The Fashion Industry Now Includes “Plus-Size”, But Is It Enough?
If you think that the ‘plus-size’ fashion industry has changed over the years, well you’re not wrong — but you’re not right either. Back In August 2018, Nalisa Amin, a local feminist and body positivity influencer, made all curvy ladies proud when she became the first plus-sized model to open for KL Fashion Week. What a win! We’re finally being embraced and accepted in the community, right?
Wrong. Sadly, full-figured a.k.a. curvy-licious Asian women like me are still struggling to find clothes that fit us perfectly. Don’t even get me started about the pricing factor. It feels as if we’re being fat-taxed for trying to be fashionable. Sigh.
Here are five issues that we need to address the plus-size fashion industry.
1. Big does not always mean tall
I’m at a weird weight right now where I’m too big to fit into “normal” women’s jeans but too small to fit into plus size jeans. #curvygirlstruggles
— Tabitha Dorian (@UghItsTabitha) July 4, 2018
To all the full-figured shawtys — we understand that #TheStruggleIsDefinitelyReal when it comes to shopping for new outfits, especially for our sexy bottoms. Fashion brands need to know that big doesn’t always mean tall and short does not equal to skinny. One size smaller will make it too tight until it shows off all of your ‘curves’ (not in a good way), whereas one size bigger will make it a little too long.
2. Plus-size retail stores are so rare
That moment when you're in a store and the saleswoman says "you would love our accessories!" #plussizestruggle
— Becca Barrett (@beccaebarrett) March 15, 2013
There aren’t many retail stores that offer good selections for plus-sized women, to be honest. Although there are many online retailers available now, however, it’s hard for us to shop without trying the clothes on ourselves, considering that we have different body types. Our usual shopping outings mean that we need to search through tons of stores for hours and most likely settle for one that looks okay-ish. Well, only after having to spend way more than we should anyway.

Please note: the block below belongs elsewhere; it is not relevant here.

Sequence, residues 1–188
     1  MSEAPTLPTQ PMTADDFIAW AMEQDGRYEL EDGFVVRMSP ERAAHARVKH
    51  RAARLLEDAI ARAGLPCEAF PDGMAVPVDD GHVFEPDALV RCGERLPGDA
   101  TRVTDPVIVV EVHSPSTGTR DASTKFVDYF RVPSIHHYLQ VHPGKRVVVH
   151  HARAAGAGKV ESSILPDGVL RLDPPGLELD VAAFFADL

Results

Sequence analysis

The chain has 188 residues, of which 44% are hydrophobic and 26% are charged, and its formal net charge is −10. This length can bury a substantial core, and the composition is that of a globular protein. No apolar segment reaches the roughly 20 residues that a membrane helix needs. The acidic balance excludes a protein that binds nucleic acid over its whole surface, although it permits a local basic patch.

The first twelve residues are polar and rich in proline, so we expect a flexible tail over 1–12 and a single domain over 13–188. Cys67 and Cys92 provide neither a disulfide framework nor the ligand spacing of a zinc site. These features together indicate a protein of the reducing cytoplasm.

3. More bold outfits, por favor!
i get really disheartened when my fave celebs (music/YouTube/actors) put out merch that won’t fit me. yes i get that i am really overweight but does that mean i don’t deserve sick stuff?? #plussizefashion #plussizestruggle
— nxtxlie (@thisradicalgnat) April 3, 2018
YES PLEASE. Heavy women have not been given much option when it comes to following the trend as we only get frumpy or shapeless designs. Plus-sized clothing shouldn’t be boring, dull or safe. We obviously need more cute outfits to match our interesting personalities. We’re big, but we should be able to wear clothes that have plunging necklines, bareback dresses as well as crop tops.
4. The discount section should be enjoyed by all
Stores that carry size XXS but not XL really grind my gears 🤬😤 #plussizeproblems
— Laura Guarillio (@lguarillio) May 14, 2018
You walk into a store, see the discount section and you see something you like, but guess what? None of them is available in your size. NOPE. Nothing there for big girls. Where are the L or XL or XXL at, people?
The worst thing is, plus-size retail stores rarely offer many discounts too. Perhaps because there aren’t many stores that exclusively caters to plus size women, that with or without a discount – the product still sells.
5. Plus size clothing should not cost more
Can someone please explain to me why plus size clothing is double the price then "regular" sizes? Even Forever 21 which use to be my go to place is more. This is just rediculous and unfair. Big girls like to look fabulous also! #plussizeproblems #plussizefashion #thisisrediculous
— Gabby Sawh (@gabbysawh) November 22, 2017
If you compare outfits from a regular store to a plus-size one, clothes from plus size store usually cost more than regular-sized clothes. Women of curves don’t deserve to pay more just because we’re thicker. We shouldn’t have to be charged for the extra cloth used to make an outfit.
The same goes for lingerie. From my own experience, my petite girlfriends can basically buy any undergarment for around RM20 and it will fit them perfectly, while I have to spend about RM40 for a pair of undies that may not even be flattering for my body type. Can’t even return it too, since it’s unhygienic to trade the panties that you’ve tried on.
In light of this, we’d like to call all fashion designers to step up your game and produce garments for plus-size women that are not only edgy and trendy but can also cater to all of our different body shapes. Do you face any struggles of being a curvy-licious woman? Tell us your story!
Tell us your story!